And there are these bits:

 

“Every time the argument about evolution comes along again, I start wondering what would happen if it were true that god invented fossils to fool us with. What if god’s got a sense of humor? If I were god, I’d plant a few fossils that wouldn’t fit into the scheme, just for fun.”
“And that’s what these are? Does that mean you’re playing god?”
“Artists always play god,” Crimson said.
“Don’t you believe in evolution?”
“That’s a tough word, ‘believe.’ Believing, and knowing what the truth is — you’re talking about two different things. Human beings are perfectly capable of believing one thing metaphorically, and accepting evidence for a completely different hypothesis. That’s the simplest definition of faith that I know. It’s the people who don’t have any faith, who can’t tell the difference between metaphor and reality, who want to force you to believe one thing only.”

 

That had me laughing and remembering Good Omens, and also parallels some of my vaguely agnostic thoughts.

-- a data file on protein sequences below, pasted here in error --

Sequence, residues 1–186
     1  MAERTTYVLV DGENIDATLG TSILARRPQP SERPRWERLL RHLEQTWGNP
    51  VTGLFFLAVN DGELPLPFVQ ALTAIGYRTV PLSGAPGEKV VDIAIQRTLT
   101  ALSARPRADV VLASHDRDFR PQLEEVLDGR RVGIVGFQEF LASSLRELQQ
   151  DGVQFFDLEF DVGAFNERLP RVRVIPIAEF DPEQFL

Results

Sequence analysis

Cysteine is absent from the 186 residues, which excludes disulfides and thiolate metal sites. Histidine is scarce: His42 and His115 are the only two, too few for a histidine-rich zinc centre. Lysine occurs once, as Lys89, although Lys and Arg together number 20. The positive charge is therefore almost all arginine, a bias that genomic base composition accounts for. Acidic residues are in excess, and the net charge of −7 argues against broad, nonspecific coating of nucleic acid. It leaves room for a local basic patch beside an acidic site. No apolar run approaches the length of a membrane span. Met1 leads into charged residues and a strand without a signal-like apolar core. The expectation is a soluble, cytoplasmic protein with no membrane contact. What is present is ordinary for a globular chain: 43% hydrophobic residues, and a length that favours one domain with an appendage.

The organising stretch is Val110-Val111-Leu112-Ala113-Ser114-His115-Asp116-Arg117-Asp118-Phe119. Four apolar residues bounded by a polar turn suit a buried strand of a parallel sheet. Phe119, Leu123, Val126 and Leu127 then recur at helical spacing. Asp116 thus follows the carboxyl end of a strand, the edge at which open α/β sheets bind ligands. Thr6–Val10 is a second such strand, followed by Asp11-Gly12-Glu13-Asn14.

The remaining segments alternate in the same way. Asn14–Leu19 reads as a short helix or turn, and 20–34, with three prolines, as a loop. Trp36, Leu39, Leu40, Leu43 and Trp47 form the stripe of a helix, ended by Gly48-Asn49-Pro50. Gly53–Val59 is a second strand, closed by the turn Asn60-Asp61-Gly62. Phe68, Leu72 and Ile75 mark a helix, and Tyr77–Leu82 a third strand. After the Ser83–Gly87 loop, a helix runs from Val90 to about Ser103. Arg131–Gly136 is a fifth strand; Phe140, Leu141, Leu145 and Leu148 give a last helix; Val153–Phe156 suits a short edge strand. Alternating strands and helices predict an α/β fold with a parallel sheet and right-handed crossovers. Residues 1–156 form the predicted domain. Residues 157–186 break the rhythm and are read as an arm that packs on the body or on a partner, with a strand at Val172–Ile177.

Or things like this:

 

Under ordinary circumstances, they would never have had a hope of buying their house. Nobody living on ordinary incomes — even three ordinary incomes — could afford to buy property.

 

Which is wildly unfunny by how real it is.

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review 2008-09-11 00:00
Nautilus - Vonda N. McIntyre This finishes up the 4-volume Starfarer series...

Alien Contact specialist JD inherits a starship from a squidmoth, the Starfarer team meets the various alien inhabitants of a 4-planet system, and tries to get humanity accepted by interstellar Civilization, even as they deal with both political and interpersonal issues amongst themselves...